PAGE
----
It seems like there is a kit for everything these days. There are first aid kits, cooking kits, car repair kits, even applications such as web kits. What type of kit is out there for the World Wide Web? Do you even need a kit, and if so what should be in it?
Recently we hosted a group of journalists at the opening of our new Forensics Lab in Columbia, MD. In characterizing the state of cybersecurity, I told them that I think we are at a very important moment which we are going to look back on and realize this is when the public and private sector came together to begin to deal with the problem of cyber threats and attacks a different way.
A recent cyber-attack reported within the South Korean broadcasting and banking infrastructure reportedly brought down over 35,000 systems. This attack has drawn comparisons in intent and method to the recent wiping attack against Saudi Aramco by the Shamoon malware. Shamoon has been covered extensively by the community, and was covered in Fidelis Threat Advisory #1007. Naturally our curiosity was peaked and we acquired samples of the malware and started analysis.
The initial analysis has been posted on the Fidelis Threat Geek blog and will be expanded upon in this advisory. This write-up will focus on the wiper malware used and the recovery techniques that are possible.
From preliminary analysis it is known that the malware will overwrite the Master Boot Record (MBR) and Volume Boot Record (VBR). The records and files overwritten by the malware so far have been wiped with patterns of 'HASTATI' or 'PR!NCPES’.
The malware samples that have been analyzed by our team are different in code and function from the Shamoon malware. However, by using the same recovery methods found in advisory #1007 the files and data are indeed recoverable.
Yesterday brought news that a cyber attack caused widespread data destruction in the South Korean banking and media sectors. Researchers at General Dynamics Fidelis Cybersecurity Solutions obtained a copy of the malware involved in the attack and have some preliminary results to share. Our compliments to the talented folks at Alien Vault Labs, whose research on this subject can be viewed on their blog.
For purposes of our research, we’ll call this specimen “239ed75323.exe." It’s a malicious file capable of wiping data in disk drives. One of the areas it targets is the disk’s Master Boot Record (MBR), without which a computer cannot load its operating system. Multiple variants of this malware were observed in the community.
The malware writes a 512 bytes pattern to the disk. This pattern contains a repeating pattern of the word “HASTATI."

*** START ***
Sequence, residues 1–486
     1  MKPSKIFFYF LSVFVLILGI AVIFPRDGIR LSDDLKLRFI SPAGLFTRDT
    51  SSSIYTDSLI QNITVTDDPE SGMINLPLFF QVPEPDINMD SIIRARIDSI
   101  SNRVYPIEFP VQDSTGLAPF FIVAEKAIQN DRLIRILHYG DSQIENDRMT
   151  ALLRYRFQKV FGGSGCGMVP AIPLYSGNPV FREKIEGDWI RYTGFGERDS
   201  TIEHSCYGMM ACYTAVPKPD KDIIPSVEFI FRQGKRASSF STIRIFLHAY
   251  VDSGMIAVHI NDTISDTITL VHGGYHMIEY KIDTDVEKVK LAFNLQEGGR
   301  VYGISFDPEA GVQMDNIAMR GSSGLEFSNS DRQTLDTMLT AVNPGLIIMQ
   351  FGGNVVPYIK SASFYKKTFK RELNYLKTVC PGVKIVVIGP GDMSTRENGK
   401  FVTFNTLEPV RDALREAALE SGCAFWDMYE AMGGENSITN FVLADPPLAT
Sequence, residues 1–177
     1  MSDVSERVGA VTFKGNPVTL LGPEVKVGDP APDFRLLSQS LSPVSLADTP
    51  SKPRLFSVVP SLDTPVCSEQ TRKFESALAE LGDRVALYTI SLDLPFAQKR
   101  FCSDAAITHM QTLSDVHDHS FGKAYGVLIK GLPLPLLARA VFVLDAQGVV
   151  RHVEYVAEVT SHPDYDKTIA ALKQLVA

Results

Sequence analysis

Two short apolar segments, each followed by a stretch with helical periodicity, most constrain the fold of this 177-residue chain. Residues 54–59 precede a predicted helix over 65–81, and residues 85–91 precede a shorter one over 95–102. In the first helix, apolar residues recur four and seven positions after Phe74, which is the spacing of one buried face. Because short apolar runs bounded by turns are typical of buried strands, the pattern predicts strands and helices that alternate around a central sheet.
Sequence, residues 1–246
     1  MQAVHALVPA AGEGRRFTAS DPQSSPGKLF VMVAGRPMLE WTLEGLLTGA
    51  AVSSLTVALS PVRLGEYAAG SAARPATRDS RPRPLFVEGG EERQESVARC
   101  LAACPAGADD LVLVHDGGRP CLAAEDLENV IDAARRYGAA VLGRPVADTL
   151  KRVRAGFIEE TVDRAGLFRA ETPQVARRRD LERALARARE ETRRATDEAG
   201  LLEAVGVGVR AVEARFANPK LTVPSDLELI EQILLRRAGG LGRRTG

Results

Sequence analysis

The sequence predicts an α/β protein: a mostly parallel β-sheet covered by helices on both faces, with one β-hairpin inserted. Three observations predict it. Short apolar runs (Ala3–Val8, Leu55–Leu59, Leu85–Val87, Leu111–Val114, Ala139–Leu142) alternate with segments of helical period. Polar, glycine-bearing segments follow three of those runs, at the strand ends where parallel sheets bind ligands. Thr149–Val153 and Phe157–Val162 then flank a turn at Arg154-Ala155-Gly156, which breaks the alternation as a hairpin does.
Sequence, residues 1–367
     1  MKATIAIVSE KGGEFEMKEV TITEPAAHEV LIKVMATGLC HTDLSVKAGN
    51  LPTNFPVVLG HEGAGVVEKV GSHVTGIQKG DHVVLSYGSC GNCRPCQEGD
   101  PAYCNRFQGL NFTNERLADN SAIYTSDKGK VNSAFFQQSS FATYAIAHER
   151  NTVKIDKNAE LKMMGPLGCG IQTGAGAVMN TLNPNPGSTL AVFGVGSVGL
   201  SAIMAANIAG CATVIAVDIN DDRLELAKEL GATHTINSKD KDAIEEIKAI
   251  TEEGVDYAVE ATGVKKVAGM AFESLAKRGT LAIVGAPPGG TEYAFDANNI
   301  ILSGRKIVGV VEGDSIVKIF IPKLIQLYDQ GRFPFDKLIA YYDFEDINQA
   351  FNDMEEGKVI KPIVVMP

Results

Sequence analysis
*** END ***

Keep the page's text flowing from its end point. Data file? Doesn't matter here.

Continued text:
It was observed that the malware didn’t overwrite this pattern over the whole disk, so there is still data that can be recovered. We will release further information on a recovery process in an advisory to follow shortly.
The malware also tries to shut down security tools from the following two South Korean companies:
- AhnLab, Inc. (AhnLab Policy Agent process)
- HAURI Inc. (ViRobot ISMS process)
The file we examined has the following attributes:
At time of analysis, antivirus tools identified the file as follows:
Reversing the file revealed some of the following code responsible for writing the wiping pattern to the disk:
General Dynamics Fidelis Cybersecurity Solutions researchers detonated the malware in a controlled environment and confirmed it does indeed overwrite the disk with a repeating “HASTATI” pattern. The following will show the area in the VMDK disk before and after it was overwritten with the pattern:
First area at disk offset 0x3D0000 (location of MBR in virtual disk):
Second area at disk offset 0x3D7000 (location of VBR in virtual disk):
According to Wikipedia, the word “HASTATI” refers to “a class of infantry in the armies of the early Roman Republic who originally fought as spearmen, and later as swordsmen. They were originally some of the poorest men in the legion, and could afford only modest equipment, light amour and a large shield, in their service as the lighter infantry of the legion. Later, the Hastati contained the younger men rather than just the poorer, though most men of their age were relatively poor. Their usual position was the front battle line of the legion. They fought in a quincunx formation, supported by light troops.” J. Rickard, writing in a December 2002 article on HistoryOfWar.org, adds “the Hastati were expected to take the first clash of battle and blunt the enemy attack before the second line, the Principes took over and won the battle.”
The following are the two processes the malware tries to shutdown/kill:
Command executed: “taskkill /F /IM pasvc.exe”
Online research associates the “pasvc.exe” with a process from a company called AhnLab, Inc.
AhnLab, Inc. is a security software company in South Korea. The company sells antivirus software.
In specific, online research suggests that this process is associated with the AhnLab Policy Agent process.
Command executed: “taskkill /F /IM Clisvc.exe”
Online research associates the “Clisvc.exe” with a process from a company called HAURI Inc.
HAURI Inc. is a security software company in South Korea.
In specific, online research suggests that this process is associated with the HAURI Inc. ViRobot ISMS security tool.
Researchers from the General Dynamics Fidelis Cybersecurity Solutions Network Defense and Forensics and Threat Research teams continue to monitor and study this event. Results of our research into a process for recovering a system infected by this attack will be released shortly.